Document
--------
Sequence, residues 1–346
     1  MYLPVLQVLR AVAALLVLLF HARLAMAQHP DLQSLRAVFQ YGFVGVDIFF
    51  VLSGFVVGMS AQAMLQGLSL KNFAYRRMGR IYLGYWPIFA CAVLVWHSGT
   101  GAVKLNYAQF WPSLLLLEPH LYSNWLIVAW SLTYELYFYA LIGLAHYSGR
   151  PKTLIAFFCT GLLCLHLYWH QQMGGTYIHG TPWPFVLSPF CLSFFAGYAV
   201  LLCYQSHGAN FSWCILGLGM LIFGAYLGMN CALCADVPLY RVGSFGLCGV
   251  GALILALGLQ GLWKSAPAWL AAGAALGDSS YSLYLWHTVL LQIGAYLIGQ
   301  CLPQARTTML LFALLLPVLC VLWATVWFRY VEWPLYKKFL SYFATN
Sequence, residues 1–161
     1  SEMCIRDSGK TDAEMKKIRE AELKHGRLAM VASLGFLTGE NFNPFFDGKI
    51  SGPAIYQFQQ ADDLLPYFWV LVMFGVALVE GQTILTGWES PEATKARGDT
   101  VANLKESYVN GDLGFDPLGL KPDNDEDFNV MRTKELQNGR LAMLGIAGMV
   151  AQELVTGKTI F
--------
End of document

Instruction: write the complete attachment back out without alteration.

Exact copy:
Sequence, residues 1–346
     1  MYLPVLQVLR AVAALLVLLF HARLAMAQHP DLQSLRAVFQ YGFVGVDIFF
    51  VLSGFVVGMS AQAMLQGLSL KNFAYRRMGR IYLGYWPIFA CAVLVWHSGT
   101  GAVKLNYAQF WPSLLLLEPH LYSNWLIVAW SLTYELYFYA LIGLAHYSGR
   151  PKTLIAFFCT GLLCLHLYWH QQMGGTYIHG TPWPFVLSPF CLSFFAGYAV
   201  LLCYQSHGAN FSWCILGLGM LIFGAYLGMN CALCADVPLY RVGSFGLCGV
   251  GALILALGLQ GLWKSAPAWL AAGAALGDSS YSLYLWHTVL LQIGAYLIGQ
   301  CLPQARTTML LFALLLPVLC VLWATVWFRY VEWPLYKKFL SYFATN
Sequence, residues 1–161
     1  SEMCIRDSGK TDAEMKKIRE AELKHGRLAM VASLGFLTGE NFNPFFDGKI
    51  SGPAIYQFQQ ADDLLPYFWV LVMFGVALVE GQTILTGWES PEATKARGDT
   101  VANLKESYVN GDLGFDPLGL KPDNDEDFNV MRTKELQNGR LAMLGIAGMV
   151  AQELVTGKTI F